Alumni Features  




Seton Hall Law Grads Advancing New Rules in NJ to Support Military Spouses in the Legal Profession

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As military spouses themselves – both married to Seton Hall Law alumni who serve in the JAG Corps – Katie Manzi McDonough ’13 (pictured, left) and Jennifer Butch Talley ’10 (pictured, right) appreciate the challenge of fellow attorneys who relocate with their service-member spouses, and then face the burdensome expense and effort to qualify to practice law in a new state. The New Jersey Supreme Court is considering new qualifying rules for military spouse attorneys and McDonough and Talley are organizing support for the change.

Two Seton Hall Law couples share more than an alma mater.

Katie Manzi McDonough ’13, is an associate in private practice in New York City. Her husband, Michael McDonough ’11, serves in the JAG Corps, based in West Point. They live on the Upper West side.

Jennifer Butch Talley ’10 is also an associate in private practice, based in West Orange. Her husband, Justin Talley ’08, also serves in the JAG Corps. He is stationed in Maryland.

After four years, Jennifer and Justin are only now living together.

As Talley wrote in an op-ed piece published on March 17 in the New Jersey Law Journal,

After I graduated from Seton Hall Law School and passed the New Jersey bar examination, I made a very difficult decision: I decided to remain in New Jersey and not to accompany my husband to Fort Drum, N.Y. (approximately 30 miles from the border of Canada). For four years, my husband and I lived apart due to his military orders. This meant seeing each other on the weekends, if one of us could travel, and on holidays when possible. Not only were we geographically apart in the general course, but we faced longer separations due to trainings in Fort Polk, La., and Fort Irwin, Calif., and, ultimately, a deployment to Afghanistan.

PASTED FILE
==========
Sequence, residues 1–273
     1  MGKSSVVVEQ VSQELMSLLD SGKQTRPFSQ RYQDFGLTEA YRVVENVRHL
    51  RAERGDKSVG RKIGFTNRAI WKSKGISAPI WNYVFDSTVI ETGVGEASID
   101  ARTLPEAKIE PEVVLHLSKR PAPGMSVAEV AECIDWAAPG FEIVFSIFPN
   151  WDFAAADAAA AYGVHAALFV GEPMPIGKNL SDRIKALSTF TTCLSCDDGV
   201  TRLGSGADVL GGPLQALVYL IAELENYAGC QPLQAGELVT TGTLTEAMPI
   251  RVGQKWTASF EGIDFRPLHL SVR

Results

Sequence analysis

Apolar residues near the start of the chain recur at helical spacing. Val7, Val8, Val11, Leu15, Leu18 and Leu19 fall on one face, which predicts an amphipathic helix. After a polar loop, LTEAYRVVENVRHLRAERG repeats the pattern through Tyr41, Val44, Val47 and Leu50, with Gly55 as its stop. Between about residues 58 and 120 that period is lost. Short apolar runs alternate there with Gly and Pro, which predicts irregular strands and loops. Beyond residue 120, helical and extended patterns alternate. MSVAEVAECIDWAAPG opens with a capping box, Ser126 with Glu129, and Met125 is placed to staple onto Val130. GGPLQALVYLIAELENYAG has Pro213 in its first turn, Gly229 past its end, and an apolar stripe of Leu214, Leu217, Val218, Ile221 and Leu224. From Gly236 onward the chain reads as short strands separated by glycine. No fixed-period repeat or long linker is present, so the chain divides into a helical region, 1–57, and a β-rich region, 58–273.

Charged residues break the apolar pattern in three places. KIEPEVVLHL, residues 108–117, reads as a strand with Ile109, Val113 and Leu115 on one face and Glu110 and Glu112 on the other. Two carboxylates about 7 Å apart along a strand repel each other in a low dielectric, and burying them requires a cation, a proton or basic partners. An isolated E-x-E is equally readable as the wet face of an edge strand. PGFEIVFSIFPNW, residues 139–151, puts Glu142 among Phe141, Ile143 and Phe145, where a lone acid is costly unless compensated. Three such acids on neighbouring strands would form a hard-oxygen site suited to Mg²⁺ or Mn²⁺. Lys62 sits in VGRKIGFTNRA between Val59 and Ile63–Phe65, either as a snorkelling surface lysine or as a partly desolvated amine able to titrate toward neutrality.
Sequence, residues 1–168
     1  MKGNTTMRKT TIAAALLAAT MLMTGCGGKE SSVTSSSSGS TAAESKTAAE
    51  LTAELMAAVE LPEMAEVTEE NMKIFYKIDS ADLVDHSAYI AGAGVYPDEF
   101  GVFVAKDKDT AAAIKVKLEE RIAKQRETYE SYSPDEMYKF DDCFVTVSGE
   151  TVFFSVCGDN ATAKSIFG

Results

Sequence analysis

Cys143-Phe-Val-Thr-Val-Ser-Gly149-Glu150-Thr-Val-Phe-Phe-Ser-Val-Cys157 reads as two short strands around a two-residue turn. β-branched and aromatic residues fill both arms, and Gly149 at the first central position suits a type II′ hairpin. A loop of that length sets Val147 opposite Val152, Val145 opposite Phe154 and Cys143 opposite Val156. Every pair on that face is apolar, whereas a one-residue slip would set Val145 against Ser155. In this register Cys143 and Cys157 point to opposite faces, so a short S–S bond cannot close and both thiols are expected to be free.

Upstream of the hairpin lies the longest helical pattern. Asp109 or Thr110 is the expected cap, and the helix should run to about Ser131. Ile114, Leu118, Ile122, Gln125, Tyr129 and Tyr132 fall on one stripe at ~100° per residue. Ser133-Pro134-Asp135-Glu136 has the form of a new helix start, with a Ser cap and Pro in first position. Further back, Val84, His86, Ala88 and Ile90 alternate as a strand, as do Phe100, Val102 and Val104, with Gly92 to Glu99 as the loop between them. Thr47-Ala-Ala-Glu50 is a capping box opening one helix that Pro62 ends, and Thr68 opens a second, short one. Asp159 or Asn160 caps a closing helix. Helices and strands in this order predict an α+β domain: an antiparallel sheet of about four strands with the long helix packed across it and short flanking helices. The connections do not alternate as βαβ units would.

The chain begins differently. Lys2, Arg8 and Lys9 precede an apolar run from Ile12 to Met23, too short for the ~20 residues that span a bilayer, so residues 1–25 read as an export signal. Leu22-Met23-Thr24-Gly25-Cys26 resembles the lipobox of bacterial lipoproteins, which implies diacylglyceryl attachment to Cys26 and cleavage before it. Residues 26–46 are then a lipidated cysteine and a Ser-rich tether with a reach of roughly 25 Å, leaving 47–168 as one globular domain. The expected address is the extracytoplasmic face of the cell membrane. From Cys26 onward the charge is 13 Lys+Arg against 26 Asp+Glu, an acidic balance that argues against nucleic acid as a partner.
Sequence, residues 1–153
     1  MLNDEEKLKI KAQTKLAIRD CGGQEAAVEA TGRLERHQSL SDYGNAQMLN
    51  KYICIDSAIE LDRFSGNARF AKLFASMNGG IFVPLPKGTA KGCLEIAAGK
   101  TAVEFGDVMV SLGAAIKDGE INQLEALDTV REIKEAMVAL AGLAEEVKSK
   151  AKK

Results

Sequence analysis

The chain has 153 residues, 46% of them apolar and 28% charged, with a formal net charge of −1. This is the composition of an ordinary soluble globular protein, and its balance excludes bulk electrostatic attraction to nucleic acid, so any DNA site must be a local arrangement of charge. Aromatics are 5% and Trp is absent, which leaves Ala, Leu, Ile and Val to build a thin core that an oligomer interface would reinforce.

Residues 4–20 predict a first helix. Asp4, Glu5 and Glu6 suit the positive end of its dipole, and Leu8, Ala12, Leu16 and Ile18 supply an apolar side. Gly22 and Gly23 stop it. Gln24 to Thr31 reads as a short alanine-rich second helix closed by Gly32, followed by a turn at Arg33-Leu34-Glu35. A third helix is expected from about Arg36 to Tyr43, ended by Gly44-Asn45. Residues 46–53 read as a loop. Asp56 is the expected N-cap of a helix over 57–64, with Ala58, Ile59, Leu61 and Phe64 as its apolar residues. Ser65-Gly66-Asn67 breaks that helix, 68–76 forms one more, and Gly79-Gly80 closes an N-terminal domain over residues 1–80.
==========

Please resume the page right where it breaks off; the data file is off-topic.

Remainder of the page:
The situation the Talleys face is not unusual: service members relocate relatively frequently, taking along their families. With licensing regulated at the state level, the attorney spouses – mostly women – who travel with their service-member partners, suffer economically and professionally. According to the advocacy organization, Military Spouses JD Network (MSJDN.org), many of the members of MSJDN take three to four bar exams, less than one-third have full-time employment, and half of its members are underemployed or working as paralegals.

Talley coached McDonough during her Moot Court competitions and their similar family circumstances helped spark an instant connection between them. Working together, they are taking action to advocate for new rules in New Jersey which would allow qualified military spouse attorneys to practice in the state temporarily, and under specific conditions.